What NOT to share on LinkedIn
LinkedIn has become a very powerful tool for networking and job recruiting, but people should be careful with how they use it. If you don’t position yourself properly, you could potentially do more damage than good. Knowing what type of information to post on a LinkedIn profile will make or break that crucial job interview you’ve been yearning after. The social network, which constantly encourages its members to share more — including details that may seem irrelevant in professional context, such as specific causes they care about or volunteer experience — could actually be doing some users a disservice.
Showcasing positive extracurricular activities and accomplishments can give people a better sense of yourself but always be aware of the fine line of over-sharing. According to Emily Gordon, Strategic Director for Seven Step, you should “highlight facts and stats that are relevant to your job, industry, professional network, or clients. If it doesn't relate to those topics, it should be removed.”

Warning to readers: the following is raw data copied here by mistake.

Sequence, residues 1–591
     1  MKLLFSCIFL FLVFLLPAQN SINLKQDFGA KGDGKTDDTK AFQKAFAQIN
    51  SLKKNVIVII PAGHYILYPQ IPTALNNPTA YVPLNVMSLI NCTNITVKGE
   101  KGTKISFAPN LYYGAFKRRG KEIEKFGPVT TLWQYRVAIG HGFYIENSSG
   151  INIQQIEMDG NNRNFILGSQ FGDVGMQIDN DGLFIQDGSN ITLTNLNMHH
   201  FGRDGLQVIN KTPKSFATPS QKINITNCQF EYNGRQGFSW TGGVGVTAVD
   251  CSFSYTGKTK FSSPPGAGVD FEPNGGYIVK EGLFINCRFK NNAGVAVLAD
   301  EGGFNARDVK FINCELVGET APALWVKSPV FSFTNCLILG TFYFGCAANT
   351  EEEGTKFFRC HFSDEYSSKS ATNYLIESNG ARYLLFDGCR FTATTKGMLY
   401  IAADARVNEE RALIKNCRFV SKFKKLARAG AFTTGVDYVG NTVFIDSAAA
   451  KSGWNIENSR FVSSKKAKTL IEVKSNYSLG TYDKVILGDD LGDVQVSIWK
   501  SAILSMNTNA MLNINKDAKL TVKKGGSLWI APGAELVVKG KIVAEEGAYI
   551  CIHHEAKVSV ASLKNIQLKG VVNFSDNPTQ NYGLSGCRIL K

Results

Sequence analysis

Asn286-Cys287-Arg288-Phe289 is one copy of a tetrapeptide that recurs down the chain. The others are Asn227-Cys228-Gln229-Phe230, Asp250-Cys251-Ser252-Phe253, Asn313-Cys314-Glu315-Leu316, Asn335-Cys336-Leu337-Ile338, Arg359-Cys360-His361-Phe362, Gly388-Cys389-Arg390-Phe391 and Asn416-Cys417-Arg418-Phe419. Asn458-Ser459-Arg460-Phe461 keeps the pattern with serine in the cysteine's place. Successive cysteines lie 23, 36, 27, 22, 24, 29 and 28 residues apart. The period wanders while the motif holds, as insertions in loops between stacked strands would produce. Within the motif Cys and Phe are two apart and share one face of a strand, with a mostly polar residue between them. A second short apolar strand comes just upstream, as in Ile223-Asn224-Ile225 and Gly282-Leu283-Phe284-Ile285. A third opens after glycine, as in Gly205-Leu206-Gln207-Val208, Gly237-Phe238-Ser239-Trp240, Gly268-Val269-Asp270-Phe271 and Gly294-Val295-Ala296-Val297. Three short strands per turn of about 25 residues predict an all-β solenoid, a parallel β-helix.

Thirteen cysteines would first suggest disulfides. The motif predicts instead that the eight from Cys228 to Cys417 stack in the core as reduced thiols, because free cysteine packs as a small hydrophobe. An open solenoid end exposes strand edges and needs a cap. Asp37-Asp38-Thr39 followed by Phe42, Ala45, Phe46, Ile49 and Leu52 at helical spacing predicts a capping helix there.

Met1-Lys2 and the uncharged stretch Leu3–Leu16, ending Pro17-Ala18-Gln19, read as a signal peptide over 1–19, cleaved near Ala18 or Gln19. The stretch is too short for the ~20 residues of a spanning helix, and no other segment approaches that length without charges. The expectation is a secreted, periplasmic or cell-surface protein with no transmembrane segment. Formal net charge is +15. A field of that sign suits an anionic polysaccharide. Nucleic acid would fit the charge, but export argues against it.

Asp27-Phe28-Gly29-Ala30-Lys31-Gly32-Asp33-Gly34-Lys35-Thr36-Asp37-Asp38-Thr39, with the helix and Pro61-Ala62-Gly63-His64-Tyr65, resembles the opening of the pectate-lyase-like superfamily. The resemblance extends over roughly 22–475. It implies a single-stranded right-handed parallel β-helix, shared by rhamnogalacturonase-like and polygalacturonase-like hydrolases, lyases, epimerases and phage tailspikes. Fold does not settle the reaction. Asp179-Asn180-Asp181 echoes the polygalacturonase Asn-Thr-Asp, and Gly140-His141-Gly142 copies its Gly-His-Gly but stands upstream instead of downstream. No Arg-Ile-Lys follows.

You also shouldn't let your personality, beliefs or whatever you do on your own time keep you from landing a new job, closing a sale or making a connection with a big shot in your industry. Gordon suggests cutting personal hobbies and interests, such kayaking or karate, from your LinkedIn profile. "Yes, they can make you stand out, but professional skills, like certifications or awards, will carry a lot more weight."
You can see Emily Gordon’s full insights and commentary in the originally article written by Matt Kapko on CIO here: What NOT to share on LinkedIn